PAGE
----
Comment: While the FCC and Congress are wrangling about the transition to Digital TV, the future of many of our wireless microphones is at stake. This is the latest piece of news: it looks like the wrangling will succeed this time, and the deadline for the transition that will require us to re-scan all of our mics will be put off from later this month to early summer, but keep in mind: that's only the deadline. The bill as it now stands appears to give individual TV stations the choice of when they make their switch: any time between now and then. Please keep your eyes and ears open. Your region's stations could surprise you! Call, email or Facebook with questions or comments.
February 02, 2009 |
The U.S. House of Representatives is expected to complete congressional action Wednesday on a bill that would delay for four months the nation's conversion from analog to digital television broadcasts. No, this isn't a story from last week that got republished by accident. No, this isn't a joke. Yes, this is Déjà vu all over again.
When we last saw our heroes, the Senate was passing the DTV Delay Act (Monday) and the House was shooting it down (Wednesday). President Barack Obama proposed the delay, so his signature is assured -- if the bill can emerge from the Congress. It got a second chance when the Senate, on Thursday, voted it up again. The House is scheduled to vote on the Senate's version of the bill (S. 352) on Wednesday and this time, it is expected to fall into line.
What changed things? The next House vote will require only a simple majority -- and Democrats control the House by a comfortable margin. Last week's vote required a two-thirds majority, and fell about 20 votes short.
No answer seems to have surfaced on whether this is even a good idea.
Far from giving analog stragglers some breathing room, some experts say delaying the transition will only make matters worse. "No matter when we have this transition, there are going to be people who are not ready for it," Duke professor and former FCC chief economist Leslie Marx told Wired.com before last week's House vote. "I think the best thing for our country is just to go ahead with the transition, and then work hard to get everybody up to speed."
The legislation would, more or less, put on hold what was going to be like the throwing of a big switch on Feb 17: from all analog television signals, to all digital, everywhere for everyone, ready or not. The "readys" with digital tuners would have the benefit of better-looking, better-sounding programming; the "nots" would have snow.
The DTV Delay Bill pushes the date back to June 12, but also allows broadcasters to switch to digital unilaterally, creating the prospect of a patchwork roll out. That peculiarity -- and the notion that delay will do nothing to suddenly inspire a Nielsen-estimated 6 million households to do in the next four months what they haven't bothered to do for the past three years -- killed the bill last week.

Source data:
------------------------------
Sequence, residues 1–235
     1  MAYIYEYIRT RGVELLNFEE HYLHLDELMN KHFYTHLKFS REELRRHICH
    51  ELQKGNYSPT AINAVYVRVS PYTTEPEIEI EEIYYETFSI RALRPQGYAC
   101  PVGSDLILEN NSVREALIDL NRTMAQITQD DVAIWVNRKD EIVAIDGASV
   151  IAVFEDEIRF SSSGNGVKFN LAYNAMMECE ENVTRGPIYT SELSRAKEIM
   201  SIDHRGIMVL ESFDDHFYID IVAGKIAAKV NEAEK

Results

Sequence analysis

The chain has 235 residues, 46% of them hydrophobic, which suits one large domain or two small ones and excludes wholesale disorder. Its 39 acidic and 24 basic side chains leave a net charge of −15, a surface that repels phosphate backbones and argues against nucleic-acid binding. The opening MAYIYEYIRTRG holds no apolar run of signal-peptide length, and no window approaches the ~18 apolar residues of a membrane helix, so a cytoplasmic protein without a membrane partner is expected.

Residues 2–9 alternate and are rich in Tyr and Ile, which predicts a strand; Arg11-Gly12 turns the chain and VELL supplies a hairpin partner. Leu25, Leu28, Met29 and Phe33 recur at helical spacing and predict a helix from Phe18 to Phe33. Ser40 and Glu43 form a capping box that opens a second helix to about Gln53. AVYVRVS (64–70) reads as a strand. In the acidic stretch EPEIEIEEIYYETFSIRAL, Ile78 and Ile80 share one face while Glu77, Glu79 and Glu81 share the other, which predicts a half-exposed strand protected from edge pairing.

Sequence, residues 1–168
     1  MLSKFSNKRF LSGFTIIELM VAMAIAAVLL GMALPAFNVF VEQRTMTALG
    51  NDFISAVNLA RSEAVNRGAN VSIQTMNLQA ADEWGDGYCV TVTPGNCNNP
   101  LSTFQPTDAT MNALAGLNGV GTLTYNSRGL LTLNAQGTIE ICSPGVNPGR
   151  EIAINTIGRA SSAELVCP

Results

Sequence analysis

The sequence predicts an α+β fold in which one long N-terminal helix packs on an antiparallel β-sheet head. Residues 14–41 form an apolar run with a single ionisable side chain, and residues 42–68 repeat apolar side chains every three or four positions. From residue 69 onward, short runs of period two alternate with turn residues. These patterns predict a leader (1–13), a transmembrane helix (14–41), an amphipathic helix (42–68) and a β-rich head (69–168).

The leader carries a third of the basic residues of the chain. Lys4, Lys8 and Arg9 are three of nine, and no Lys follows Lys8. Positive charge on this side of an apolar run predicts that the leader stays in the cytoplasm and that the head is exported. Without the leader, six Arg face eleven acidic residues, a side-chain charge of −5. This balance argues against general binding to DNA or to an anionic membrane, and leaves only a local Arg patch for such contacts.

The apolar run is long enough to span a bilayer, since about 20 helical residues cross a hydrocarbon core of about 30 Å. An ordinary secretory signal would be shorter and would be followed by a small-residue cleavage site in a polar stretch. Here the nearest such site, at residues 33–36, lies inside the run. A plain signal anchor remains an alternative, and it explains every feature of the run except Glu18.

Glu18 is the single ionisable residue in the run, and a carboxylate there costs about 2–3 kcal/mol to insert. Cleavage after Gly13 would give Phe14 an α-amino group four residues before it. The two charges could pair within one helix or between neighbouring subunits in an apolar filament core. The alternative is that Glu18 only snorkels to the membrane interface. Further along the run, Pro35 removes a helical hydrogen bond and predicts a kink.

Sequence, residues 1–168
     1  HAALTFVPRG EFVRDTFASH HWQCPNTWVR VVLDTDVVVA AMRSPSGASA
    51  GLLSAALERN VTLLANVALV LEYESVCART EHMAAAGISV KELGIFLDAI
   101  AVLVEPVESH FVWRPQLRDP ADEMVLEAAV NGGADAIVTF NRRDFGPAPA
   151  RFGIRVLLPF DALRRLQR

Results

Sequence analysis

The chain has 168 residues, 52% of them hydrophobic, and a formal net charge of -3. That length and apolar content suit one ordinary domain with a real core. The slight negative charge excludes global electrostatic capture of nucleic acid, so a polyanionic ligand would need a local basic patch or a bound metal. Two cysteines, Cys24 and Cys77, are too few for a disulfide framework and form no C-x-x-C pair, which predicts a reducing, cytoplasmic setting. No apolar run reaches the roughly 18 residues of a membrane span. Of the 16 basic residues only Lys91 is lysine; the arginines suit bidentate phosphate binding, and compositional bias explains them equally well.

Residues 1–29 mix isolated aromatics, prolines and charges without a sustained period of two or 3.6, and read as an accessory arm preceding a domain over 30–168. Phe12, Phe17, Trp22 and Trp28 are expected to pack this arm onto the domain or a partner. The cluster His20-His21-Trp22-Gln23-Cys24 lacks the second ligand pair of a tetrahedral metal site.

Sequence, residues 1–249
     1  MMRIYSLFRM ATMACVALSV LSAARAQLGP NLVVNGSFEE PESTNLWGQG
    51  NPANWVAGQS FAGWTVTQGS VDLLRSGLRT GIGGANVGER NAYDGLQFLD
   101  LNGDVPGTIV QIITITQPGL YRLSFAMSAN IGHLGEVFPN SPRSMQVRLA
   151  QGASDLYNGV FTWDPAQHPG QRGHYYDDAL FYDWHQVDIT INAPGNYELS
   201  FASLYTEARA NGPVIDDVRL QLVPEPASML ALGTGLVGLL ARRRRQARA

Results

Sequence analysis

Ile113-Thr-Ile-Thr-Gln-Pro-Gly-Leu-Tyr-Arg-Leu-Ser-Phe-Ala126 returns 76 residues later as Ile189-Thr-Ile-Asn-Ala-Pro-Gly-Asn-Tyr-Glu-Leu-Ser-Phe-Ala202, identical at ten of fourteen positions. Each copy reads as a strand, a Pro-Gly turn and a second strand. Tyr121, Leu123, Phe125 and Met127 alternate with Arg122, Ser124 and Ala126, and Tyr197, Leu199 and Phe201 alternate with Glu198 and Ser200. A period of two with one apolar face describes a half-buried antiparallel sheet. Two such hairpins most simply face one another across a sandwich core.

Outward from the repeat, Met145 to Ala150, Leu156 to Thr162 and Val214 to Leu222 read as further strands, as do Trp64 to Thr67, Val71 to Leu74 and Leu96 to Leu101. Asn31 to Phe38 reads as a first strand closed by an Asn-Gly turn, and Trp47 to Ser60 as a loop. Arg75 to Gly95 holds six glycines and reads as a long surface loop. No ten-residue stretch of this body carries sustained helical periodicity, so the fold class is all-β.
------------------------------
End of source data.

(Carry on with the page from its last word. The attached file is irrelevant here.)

The futility issue is only one of the problems with delay. Companies that won auctions for wireless spectrum that is to be freed up on Feb. 17, like AT&T and Verizon, could reasonable seek compensation for not getting the property they were to acquire that day. The Delay bill doesn't address this issue at all.
"Companies have paid $19 billion for the right to use that spectrum, and the wireless communication that could be offered on that spectrum is valuable," said Marx. "If I were one of the companies that purchased spectrum licenses in the FCC's 700-MHz auction, I'd sure be asking the government what kind of compensation I was going to be receiving for, in some sense, the government not providing the good as advertised that I purchased at the auction."
And the average American television station stands to lose $10,000 a month as a result of the proposed delay. They could, under the law, give the FCC 30 days notice and drop analog delivery -- but that could create that confusing patchwork of service and irritate customers who see the Delay bill as, well an actual Delay bill.
Part of the problem could be that the Commerce Department's National Telecommunications and Information Administration spent all $1.34 billion it was allocated to help consumers and businesses make the transition to digital broadcast television, according to InformationWeek, while still not sufficiently preparing the populace for the transition. That allocation included a program to subsidize $40 of the cost of a signal-dumbing converter box that those Americans who still get TV through an antenna (instead of cable or dish) need to see digital programming on analog sets.
But there's even confusion about whether that money has been spent. "The DTV converter coupon program is not out of money; only half of the $1.5 billion in the coupon program has been spent," wrote ranking member of the Committee on Energy and Commerce to House Speaker Nancy Pelosi. It's possible that many of those coupons, which had expiration dates, are sitting around in drawers like those unused rebates we all intended to use right away.
The proposed legislation would pump another $650 million into the program.
Whenever it happens, and whatever the cost, the transition to digital broadcast television will improve over-the-air sound and video quality, enable more channels to be broadcast and free up valuable spectrum for new wireless services.
According to the new acting FCC chairman Michael Copps, a lack of focus on the part of the Bush administration is at fault for this confusing, and likely expensive, situation.
"At this point, we will not have -- we cannot have -- a seamless DTV transition," Copps told the FCC Consumer Advisory Committee on Friday (.pdf). "There is no way to do in the 26 days new leadership has had here what we should have been laser-focused on for 26 months. That time is lost, and it's lost at a cost."
By Eliot Van Buskirk
From Wired Magazine's blog.